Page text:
One Foot In, One Foot Out – How to Tow the Line Between The Physical and The Spiritual

There are two extreme modes of living.

  1. Overly rational and materialistic
  2. Immersed in the spiritual

Living entirely in one neglects the other.

This is why being balanced in both is important for a life well lived.

Think of it as a cold swimming pool as you dip one foot in the spiritual periodically while remaining grounded in the material (and dry) land.

Daily living may seem too monotonous if you are overly rational and materialistic. It quickly becomes deluded at the expense of basic necessities if you are overly spiritual. Optimizing daily living for the average person is achieved by having one foot in and one foot out.

This isn’t easy. The modern world, by default, makes us materialistic. Then, once we get a taste of the spiritual, it is easy to lose ourselves.

This post will illustrate why staying in both realms is the middle way. And why doing so achieves a life of balanced, graceful living.

A Material Upbringing

As a kid growing up in Canada in the early 2000s, I was indoctrinated into the material. My two favourite days of the year were Christmas and my birthday for the presents. And it just so happens that Halloween was the day after my birthday so I enjoyed the sugar too.

Our mainstream Western holidays push consumerism. This is neither good nor bad, it is just a by-product of the economic drive that moves the world. Without it, the hustle and bustle of the modern world ceases.

Therefore, we North American kids are trained materialists. We think only about what we can physically sense. Like an oscillating spring, we are pulled to the material mode of living and ultimately pushed into the spiritual direction as we grow older. What pushes into the spiritual is either voluntary or involuntary, but this varies from one individual to another.

Maybe it’s an other-worldly musical melody, your first love, or a book that opens your mind to the unknown.

No matter what it is, getting a taste of the spiritual makes the material seem like an afterthought.

But we still need to survive.

Being Grounded in the Spiritual

We may be indoctrinated into the material as kids to survive, but that doesn’t mean we aren’t spiritual. Because we inherently are spiritual. Kids have an imagination that spans not only the material but the whole universe. We used to move with a sense of unrestrained wonder until the party poopers known as our parents kept us in check. They did it so we wouldn’t get hurt.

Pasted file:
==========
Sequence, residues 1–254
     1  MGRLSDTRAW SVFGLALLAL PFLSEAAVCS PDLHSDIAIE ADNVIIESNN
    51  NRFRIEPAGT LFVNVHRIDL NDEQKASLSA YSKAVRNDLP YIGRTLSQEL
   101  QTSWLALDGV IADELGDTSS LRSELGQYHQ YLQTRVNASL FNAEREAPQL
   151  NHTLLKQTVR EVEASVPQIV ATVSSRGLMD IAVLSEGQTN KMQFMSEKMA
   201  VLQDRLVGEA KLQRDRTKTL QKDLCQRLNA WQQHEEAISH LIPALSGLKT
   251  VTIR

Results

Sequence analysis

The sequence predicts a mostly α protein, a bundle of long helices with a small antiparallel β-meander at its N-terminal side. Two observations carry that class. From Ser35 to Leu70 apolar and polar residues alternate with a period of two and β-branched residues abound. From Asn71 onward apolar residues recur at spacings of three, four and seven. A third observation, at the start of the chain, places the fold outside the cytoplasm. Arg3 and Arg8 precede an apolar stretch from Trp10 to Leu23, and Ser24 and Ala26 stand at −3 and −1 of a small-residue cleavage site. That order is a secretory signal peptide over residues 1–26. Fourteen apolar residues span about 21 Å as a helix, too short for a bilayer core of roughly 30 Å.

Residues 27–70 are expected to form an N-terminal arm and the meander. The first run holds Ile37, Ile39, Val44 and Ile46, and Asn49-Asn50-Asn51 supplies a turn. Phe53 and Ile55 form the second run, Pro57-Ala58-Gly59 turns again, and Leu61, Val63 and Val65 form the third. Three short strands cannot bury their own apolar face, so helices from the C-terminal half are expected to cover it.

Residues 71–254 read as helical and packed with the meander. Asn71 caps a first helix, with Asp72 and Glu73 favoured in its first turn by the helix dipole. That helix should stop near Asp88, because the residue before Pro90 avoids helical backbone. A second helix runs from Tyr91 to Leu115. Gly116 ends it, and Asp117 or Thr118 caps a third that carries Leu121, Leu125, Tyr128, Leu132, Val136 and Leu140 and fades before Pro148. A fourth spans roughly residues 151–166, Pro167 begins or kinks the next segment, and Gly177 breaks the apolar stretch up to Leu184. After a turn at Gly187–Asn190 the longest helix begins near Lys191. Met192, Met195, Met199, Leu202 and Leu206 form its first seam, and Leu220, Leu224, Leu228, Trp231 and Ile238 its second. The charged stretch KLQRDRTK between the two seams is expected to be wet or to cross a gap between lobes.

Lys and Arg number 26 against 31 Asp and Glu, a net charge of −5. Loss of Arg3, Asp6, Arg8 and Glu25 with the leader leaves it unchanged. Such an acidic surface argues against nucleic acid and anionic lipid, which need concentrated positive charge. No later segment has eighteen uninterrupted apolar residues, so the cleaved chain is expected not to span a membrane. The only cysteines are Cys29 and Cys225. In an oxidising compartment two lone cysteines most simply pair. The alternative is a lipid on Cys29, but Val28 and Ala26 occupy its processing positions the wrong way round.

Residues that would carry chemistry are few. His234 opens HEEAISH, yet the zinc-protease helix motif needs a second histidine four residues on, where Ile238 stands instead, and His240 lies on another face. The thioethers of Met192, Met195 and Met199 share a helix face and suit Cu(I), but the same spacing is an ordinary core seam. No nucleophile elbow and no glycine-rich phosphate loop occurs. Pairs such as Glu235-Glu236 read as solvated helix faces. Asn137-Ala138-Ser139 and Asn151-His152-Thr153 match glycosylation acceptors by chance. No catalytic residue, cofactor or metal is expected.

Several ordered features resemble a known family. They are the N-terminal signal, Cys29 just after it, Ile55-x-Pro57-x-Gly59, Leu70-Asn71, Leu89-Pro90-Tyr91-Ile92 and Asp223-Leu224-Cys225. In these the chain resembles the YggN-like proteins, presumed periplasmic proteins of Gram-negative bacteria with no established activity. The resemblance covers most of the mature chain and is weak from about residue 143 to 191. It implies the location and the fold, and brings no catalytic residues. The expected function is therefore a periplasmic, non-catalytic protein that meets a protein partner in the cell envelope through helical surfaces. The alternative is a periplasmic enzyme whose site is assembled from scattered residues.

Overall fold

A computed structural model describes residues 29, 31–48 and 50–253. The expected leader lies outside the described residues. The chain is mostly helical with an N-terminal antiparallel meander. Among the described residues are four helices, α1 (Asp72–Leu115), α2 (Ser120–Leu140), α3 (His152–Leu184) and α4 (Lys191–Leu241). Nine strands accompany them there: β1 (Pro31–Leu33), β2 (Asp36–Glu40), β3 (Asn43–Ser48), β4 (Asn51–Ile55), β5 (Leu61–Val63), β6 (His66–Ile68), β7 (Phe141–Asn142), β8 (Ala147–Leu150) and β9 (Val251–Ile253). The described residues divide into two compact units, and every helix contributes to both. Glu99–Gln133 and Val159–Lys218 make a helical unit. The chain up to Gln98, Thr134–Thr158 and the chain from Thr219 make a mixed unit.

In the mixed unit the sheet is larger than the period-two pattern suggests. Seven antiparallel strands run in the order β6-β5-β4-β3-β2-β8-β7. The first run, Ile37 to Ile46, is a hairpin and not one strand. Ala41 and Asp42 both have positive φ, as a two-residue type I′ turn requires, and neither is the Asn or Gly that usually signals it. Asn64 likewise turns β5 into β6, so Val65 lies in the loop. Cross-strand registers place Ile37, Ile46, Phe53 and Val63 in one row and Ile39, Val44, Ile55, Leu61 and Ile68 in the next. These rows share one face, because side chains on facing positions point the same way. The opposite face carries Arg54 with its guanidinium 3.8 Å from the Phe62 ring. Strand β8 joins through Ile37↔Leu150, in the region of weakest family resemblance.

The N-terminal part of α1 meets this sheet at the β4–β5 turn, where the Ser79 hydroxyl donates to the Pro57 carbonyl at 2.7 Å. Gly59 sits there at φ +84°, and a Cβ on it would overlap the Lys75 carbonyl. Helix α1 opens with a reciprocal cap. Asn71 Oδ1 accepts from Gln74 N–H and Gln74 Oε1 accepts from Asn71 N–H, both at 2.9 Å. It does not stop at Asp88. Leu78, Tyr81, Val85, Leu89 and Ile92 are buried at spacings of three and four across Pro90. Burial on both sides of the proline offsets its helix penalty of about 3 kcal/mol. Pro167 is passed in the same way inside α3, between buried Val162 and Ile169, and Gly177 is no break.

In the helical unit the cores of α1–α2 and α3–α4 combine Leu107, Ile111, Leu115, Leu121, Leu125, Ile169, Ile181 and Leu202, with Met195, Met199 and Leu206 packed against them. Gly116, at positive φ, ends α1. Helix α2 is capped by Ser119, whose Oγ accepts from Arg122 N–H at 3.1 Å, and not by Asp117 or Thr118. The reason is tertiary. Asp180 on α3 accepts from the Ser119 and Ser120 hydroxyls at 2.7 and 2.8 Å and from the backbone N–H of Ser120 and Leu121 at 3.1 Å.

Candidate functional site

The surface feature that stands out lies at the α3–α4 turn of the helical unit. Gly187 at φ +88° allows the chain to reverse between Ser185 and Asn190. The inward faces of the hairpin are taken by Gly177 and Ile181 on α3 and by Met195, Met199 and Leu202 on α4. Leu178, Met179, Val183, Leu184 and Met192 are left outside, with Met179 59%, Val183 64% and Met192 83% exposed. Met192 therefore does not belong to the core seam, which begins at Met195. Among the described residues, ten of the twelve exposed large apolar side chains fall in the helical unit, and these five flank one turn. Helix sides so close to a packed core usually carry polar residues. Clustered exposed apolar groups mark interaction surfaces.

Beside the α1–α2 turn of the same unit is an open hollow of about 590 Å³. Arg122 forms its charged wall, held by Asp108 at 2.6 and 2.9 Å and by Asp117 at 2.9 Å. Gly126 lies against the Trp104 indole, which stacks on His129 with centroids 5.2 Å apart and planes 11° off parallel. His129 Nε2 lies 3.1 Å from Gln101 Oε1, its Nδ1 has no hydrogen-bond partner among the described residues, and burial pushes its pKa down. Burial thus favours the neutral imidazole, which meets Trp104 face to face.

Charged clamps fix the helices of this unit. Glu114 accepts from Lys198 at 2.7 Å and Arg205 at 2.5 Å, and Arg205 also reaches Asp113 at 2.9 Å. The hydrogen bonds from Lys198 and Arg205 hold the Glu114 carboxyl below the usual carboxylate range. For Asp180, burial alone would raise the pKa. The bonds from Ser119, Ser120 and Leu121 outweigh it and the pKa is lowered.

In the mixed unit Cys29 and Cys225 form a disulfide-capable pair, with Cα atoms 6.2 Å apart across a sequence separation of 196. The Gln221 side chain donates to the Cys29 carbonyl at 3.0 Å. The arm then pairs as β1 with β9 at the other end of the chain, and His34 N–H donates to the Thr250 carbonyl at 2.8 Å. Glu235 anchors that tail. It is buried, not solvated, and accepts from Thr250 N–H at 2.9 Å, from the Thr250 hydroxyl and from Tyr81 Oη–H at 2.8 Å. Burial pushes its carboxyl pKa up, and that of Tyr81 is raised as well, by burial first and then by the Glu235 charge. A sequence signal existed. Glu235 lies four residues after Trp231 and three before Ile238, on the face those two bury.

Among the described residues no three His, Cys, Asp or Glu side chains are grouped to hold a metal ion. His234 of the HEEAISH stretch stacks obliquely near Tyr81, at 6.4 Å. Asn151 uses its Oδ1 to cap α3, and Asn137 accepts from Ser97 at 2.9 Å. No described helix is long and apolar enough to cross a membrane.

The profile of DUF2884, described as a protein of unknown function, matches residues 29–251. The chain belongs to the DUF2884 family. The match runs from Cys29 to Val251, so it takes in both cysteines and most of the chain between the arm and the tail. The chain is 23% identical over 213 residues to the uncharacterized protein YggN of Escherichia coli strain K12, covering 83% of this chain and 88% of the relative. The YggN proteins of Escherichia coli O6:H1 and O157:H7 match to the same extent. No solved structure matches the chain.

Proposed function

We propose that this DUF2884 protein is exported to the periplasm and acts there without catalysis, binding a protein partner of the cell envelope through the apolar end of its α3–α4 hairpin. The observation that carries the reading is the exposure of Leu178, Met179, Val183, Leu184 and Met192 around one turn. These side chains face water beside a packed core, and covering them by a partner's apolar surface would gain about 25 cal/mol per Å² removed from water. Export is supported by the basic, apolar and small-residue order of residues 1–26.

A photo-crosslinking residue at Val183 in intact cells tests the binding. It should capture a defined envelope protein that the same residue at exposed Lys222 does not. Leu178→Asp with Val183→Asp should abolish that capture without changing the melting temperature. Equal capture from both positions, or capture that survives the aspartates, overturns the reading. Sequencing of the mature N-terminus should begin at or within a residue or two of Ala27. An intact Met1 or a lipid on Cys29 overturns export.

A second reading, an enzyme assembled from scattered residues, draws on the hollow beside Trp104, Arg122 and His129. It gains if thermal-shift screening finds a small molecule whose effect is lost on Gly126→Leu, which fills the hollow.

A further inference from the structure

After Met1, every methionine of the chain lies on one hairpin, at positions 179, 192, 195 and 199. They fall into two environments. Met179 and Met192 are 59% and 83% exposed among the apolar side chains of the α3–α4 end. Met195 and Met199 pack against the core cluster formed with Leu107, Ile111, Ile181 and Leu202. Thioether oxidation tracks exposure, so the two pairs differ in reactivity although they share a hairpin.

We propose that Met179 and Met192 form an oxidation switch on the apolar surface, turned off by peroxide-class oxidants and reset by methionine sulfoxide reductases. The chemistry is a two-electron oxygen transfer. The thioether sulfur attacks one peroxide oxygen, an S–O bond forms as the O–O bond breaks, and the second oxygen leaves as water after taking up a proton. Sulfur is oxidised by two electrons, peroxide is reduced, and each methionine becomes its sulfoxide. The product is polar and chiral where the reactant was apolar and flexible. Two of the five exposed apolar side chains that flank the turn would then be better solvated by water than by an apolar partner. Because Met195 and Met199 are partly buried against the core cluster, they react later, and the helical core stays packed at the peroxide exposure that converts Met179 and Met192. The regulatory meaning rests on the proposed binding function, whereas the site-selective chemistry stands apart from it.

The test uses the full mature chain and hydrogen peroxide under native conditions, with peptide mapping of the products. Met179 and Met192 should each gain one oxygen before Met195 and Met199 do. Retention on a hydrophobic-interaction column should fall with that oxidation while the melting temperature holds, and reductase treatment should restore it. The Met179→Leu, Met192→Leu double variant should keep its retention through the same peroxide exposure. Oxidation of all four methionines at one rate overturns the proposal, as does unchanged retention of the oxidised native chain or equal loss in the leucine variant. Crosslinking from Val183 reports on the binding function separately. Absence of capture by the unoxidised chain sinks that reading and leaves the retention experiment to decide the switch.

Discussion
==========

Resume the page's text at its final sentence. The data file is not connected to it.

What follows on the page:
Our parents frequently pulled us out of the spiritual pool to keep us grounded.

When I grew older I sensed something on my train ride to university. When looking at the city skyline, I felt an extreme sense of awe as I marvelled at what we humans are capable of building. It lasted a couple of minutes and I guess I was brought back from the breathtaking experience so I could pay attention in class.

I could’ve easily skipped class, taken a bunch of psychedelics and continued on the train to oblivion, but I needed to be grounded in the material for now…

The world refines its consciousness to create the forms we can physically sense with the 5 senses. Without this, I’d imagine we’d be quite overwhelmed 24/7. This restriction is the natural way the world grounds us.

Like I said, we inherently are spiritual beings. But we are kept in check by our parents, our senses, and as we mature, ourselves.

When the spiritual world opens itself to us, it is important to check ourselves and avoid becoming unhinged from taking care of the basic necessities.

The Middle Way – An Epiphanic Experience

Being overly material isn’t good.

Neither is being deluded in the spiritual.

The middle is where the magic of daily living happens.

God is always at work. The world never changes as the underlying order that keeps its form is constant. It will remain that way as long as the Earth and the universe exist. Therefore, God is always present. An overly rational, materialistic mind is blind to his presence. The world never changes but the spiritual changes your perception of the world and redeems daily living as an epiphanic experience.

The etymology of the word “enthusiasm” is rooted in living inspired by God.

Being spiritual and open to the everyday epiphanic experience allows us to inject genuine enthusiasm into our lives. But as long as we’re alive, we should never drown in this spiritual pool. Dipping one foot in periodically while staying out of the pool keeps us grounded.

The restriction of consciousness into the material grounds us from the sheer, spiritual power that underlies every moment.

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